LIFE WITH PICASSO by
Kirkus Star

LIFE WITH PICASSO

By
Email this review

KIRKUS REVIEW

When Francoise Gilot, an aspiring young painter, met Pablo Picasso in May, 1943, she was twenty-one years old, he some forty years her senior. As they grew together, setting about their mutual campaigns upon each other, she proved herself a worthy adversary rather than acolyte. In the ten years which she shared with him, undertaking t o assuage his solitude, bearing him two children, meeting his friend and admirers, she maintained a cool comprehension along with her compassion for Picasso the man that shows to delightful advantage here. For Francoise Gilot has the capacity to reveal the man in his intimate and professional dealings, and Picasso is superlative, inimitable copy. Witness Picasso dangling his agents, foremost among them Kahnweller, fancing with his friends Braque and Matisse, playing cat and mouse with the women in his life -- wife Olga, Marie Therese Walter, Dora Marr, Francoise and her successor jacqueline Roque. But the author has the capacity as well to show Picasso the artist: she quotes him on painting, describes his method of work in painting, sculpture, pottery. Picasso himself is so articulate that he defies other description; au fond, art and the artist are subversive. His re-marks on art include not only his own but that of his foremost colleagues, Matisse and Braque, Miro, Legor, Chagall...All his encounters here are formed by his own formidable temperament, and recalled in satisfying detail by the woman who shared them. An intimate, vivid, above all intelligent and authentic portrait of Picasso, with its twin elements of love and art, this should sell like mad. And rightly. It's high spirited reading.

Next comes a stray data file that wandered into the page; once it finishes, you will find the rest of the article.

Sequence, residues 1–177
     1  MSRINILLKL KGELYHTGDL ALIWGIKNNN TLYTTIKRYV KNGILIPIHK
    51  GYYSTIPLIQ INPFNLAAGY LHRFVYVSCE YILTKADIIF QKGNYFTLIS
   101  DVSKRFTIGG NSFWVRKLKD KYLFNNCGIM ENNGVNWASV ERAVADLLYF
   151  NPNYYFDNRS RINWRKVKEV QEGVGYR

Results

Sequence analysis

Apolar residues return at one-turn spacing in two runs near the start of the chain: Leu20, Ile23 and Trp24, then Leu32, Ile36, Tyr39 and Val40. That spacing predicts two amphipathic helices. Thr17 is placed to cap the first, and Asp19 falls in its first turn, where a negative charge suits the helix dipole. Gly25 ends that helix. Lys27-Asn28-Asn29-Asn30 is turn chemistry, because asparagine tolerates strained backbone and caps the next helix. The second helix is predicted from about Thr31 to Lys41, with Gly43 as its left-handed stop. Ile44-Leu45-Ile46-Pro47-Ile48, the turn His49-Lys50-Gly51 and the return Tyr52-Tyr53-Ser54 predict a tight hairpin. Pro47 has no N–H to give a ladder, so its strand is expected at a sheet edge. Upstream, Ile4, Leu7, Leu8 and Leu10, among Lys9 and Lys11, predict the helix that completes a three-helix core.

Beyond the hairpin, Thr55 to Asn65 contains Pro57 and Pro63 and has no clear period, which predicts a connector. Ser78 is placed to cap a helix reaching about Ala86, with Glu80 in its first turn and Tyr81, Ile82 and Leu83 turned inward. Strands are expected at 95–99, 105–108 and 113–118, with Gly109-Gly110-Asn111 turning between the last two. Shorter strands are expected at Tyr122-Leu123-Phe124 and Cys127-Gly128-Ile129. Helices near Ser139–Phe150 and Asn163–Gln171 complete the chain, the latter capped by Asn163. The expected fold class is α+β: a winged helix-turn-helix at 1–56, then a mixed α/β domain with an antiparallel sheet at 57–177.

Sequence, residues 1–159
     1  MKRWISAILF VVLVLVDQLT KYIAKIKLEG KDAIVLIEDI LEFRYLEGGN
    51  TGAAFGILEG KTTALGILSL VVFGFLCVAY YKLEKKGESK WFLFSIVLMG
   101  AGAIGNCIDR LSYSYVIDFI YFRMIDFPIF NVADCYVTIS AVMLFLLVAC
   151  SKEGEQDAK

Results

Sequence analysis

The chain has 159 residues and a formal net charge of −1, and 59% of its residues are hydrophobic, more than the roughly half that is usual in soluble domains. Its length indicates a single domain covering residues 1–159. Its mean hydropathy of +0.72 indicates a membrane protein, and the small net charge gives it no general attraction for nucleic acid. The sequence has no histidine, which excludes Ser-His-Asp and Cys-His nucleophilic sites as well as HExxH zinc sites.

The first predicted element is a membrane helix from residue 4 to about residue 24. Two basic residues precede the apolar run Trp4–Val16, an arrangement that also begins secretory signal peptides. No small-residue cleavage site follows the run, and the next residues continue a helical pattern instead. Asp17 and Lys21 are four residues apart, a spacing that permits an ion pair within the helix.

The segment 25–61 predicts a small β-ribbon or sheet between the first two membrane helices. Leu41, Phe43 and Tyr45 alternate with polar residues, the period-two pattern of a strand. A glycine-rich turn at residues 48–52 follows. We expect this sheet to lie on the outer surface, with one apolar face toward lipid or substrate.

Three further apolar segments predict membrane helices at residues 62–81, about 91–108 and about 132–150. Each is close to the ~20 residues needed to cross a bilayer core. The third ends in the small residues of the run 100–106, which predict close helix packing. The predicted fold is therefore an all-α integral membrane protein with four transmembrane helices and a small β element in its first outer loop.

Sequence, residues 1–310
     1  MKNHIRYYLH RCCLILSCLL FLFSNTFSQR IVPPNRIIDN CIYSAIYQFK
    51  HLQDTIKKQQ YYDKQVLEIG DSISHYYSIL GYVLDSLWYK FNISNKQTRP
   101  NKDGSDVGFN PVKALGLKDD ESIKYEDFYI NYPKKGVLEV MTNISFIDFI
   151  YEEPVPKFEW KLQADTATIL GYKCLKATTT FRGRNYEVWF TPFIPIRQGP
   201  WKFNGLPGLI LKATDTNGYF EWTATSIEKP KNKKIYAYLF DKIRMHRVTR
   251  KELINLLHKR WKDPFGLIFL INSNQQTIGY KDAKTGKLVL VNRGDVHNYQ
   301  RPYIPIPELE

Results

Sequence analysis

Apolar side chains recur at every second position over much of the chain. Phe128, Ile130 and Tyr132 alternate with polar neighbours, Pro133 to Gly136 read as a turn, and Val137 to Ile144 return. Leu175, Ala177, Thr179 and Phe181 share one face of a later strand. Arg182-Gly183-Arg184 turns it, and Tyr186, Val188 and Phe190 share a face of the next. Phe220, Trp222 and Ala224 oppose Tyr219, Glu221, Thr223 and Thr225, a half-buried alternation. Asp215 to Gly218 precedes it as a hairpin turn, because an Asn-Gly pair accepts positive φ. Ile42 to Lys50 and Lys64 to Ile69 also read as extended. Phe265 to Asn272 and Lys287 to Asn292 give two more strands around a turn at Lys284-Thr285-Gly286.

Publisher: McGraw-Hill